Local News

N.C. State Seeks New Ways to Water Athletic Fields

Posted February 27, 2008

Map Marker  Find News Near Me

— North Carolina State University's athletics department is facing a tougher opponent than anything it has faced in the ACC – the drought.

To deal with that, the Wolfpack is considering digging six wells to provide water for fields ranging from Carter-Finley Stadium to the new softball facility that opens Wednesday.

Ray Brincefield, N.C. State's assistant athletics director for facilities, said the school has not been using city water from its irrigation system since the city went to Stage 2 restrictions on Oct. 18.

Instead, the school trucks in water from Lake Raleigh on the Centennial Campus to water 33 acres of athletics fields.

That’s time-consuming and expensive, however – and it could drain the lake.

So, Brincefield and school officials are now looking at sinking six wells instead.

“Do we tanker truck (water in) all year? … That’s going to be a headache,” Brincefield said. “Or do we start looking into wells?”

The school would want the wells in place by May 1, which is the start of the growing season for Bermuda grass.

Brincefield wants to make sure the grass continues to flourish.

“More than anything, it’s a safety thing when you put high-profile athletes in danger,” he said. “Secondly, it’s protecting the investment [in the grass]. "

“We’re probably leaning toward well water," he added. "And also from a budgetary standpoint, as we are all smart enough to realize, when we get out of these restrictions, the price of water from the city is going to increase.”


This story is closed for comments.

Oldest First
View all
  • SouthernLady05 Feb 28, 2008

    The RBC center was built for entertainment purposes and the NHL team.. NCSU rents time from the RBC center. It wasn't built for NCSU.

    Also the athletics dept funds themselves at NCSU, they do not use tax payer dollars. Dont believe me? Call them and ask.

  • common_sense_plz Feb 28, 2008

    well let's see, the RBC center was built primarly for NC State, and we the tax payers of wake county helped pay for it along with a resturant tax, for the very same reason......so yes we the tax payers do and have paid for things at NC state.

  • SouthernLady05 Feb 28, 2008

    FUN: I believe the money that they are spending in the Athletics dept. comes from revenue from the games, and sponsors... not taxpayer money.

    It's dangerous for athletes to play on dead, uneven grass. Football games alone bring in tons of money to the university. If the field is not up to par and the athletes can't play on it, the university would loose hundreds of thousands of dollars. The wells are a good idea. Don't be so naieve to think they just want the grass green.

  • saturn5 Feb 28, 2008

    If the wells don't affect ground water, and ground water is the problem right now because of the drought, why don't we start drilling more wells throughout Wake County? If people wanted to spend the money, they could put a well in so they didn't have to be on the city's water system, or at the very least drastically reduce their use of city water.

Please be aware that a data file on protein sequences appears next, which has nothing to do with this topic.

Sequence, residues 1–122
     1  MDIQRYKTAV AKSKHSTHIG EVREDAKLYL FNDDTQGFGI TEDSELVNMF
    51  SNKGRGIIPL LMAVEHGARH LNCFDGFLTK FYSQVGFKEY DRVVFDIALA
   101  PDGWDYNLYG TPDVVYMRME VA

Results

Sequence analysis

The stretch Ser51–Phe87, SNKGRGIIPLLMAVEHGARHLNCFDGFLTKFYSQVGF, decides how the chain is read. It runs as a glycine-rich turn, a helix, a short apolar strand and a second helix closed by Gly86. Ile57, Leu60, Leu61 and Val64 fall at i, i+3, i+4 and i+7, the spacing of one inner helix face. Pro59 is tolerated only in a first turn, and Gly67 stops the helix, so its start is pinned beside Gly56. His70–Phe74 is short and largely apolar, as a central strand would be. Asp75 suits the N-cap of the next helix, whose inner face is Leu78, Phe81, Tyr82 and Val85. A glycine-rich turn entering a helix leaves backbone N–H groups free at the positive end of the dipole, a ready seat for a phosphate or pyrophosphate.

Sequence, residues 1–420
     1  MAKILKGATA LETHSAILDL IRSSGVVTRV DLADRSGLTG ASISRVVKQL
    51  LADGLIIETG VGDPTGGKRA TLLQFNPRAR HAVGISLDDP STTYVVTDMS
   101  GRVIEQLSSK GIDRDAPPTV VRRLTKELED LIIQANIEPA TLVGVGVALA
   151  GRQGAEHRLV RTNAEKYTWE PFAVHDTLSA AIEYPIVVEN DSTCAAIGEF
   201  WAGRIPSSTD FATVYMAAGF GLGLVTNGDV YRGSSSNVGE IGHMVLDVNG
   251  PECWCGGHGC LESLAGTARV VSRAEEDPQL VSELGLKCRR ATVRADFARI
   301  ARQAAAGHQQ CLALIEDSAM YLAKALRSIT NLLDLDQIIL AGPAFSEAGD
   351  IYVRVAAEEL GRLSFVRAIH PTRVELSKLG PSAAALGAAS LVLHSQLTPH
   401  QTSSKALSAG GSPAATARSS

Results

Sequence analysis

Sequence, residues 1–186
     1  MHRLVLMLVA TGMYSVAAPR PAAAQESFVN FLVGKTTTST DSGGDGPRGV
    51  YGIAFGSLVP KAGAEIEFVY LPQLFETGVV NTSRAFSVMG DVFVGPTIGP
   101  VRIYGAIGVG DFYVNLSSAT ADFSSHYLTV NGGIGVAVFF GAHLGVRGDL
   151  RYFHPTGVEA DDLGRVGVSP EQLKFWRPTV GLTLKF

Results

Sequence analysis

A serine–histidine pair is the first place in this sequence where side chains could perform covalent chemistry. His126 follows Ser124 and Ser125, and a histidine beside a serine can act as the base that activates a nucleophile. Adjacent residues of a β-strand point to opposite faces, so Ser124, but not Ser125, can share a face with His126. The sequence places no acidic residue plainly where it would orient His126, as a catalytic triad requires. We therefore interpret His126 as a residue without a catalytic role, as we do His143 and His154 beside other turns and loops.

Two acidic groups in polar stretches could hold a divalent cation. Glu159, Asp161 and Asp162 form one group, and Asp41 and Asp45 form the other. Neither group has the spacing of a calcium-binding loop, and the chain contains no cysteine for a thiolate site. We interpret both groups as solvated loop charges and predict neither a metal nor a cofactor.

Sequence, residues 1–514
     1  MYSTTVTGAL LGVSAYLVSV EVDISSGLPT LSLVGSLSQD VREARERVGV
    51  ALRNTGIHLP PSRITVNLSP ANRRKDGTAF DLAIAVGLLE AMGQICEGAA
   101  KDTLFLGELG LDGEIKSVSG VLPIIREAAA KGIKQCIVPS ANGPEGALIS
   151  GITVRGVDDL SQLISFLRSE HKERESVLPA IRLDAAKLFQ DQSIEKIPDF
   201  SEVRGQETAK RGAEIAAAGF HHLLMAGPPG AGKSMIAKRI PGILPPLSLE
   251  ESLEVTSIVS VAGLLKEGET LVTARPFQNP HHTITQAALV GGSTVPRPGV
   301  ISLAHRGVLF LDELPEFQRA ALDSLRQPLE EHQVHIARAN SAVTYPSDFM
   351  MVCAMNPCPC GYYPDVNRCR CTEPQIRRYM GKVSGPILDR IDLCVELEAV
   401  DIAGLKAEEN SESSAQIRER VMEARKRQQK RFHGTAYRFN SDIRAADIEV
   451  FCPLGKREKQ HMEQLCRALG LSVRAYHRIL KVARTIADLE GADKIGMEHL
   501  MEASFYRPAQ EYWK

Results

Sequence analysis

But they're also talking about changing legislation so well owners have to abide by the same restrictions as everyone on city water systems.

    So, which is it? Either wells have an impact on the drought or they don't. Any experts here care to explain the discrepancy?

  • geosol Feb 27, 2008

    Oh my, we aren't doing a very good job of educating people about groundwater. Very sad. 1) There are no underground rivers or streams here. 2) The water these wells would likely be extracting would be hundreds or even thousands of years old. 3) These wells would have a negligible effect on surface water supplies. 4) Property owners are entitled to use the groundwater resource under their land. The groundwater system in the piedmont and mountains has a natural buffer (saprolite storage) that helps mitigate the effects of drought. Managed properly, the groundwater resource is adequate to sustain our water needs well into the future.

  • Travised Feb 27, 2008

    Even high schools are switching to astroturf so they don't have to use water and mow the grass. Why can't campus do the same? That way they don't need watering. The fields need replacing about every 10 years. Initial price is a little bit of a shock, but after you look at all the numbers, watering, hours to mow, treating it, repainting... It's worth the investment for long term.

  • NCSU91 Feb 27, 2008

    They are not using tax money to drill wells. The water from the wells is from the bedrock and not groundwater. Meaning it doesnt matter if they want to spend the money keeping up an investment let them. If you spend that much on your lawn then you are just a moron.

  • dohicky Feb 27, 2008

    In the end the taxpayers will pay for 'whatever' so that someone can play a game. The cost of the water shortage is already causing some cities to charge citizens to cover the expense and now people are worried about this grass. And we wonder why our young people get messed up - what happend to real important things and something called setting priorities.

  • seeingthru Feb 27, 2008

    I truly think that their grass can turn just as brown as mine

  • Scubagirl Feb 27, 2008

    “More than anything, it’s a safety thing when you put high-profile athletes in danger,” he said. “Secondly, it’s protecting the investment [in the grass]. "
    we have investments also in our yards-I vote let their grass die also a little dirt never hurt anyone.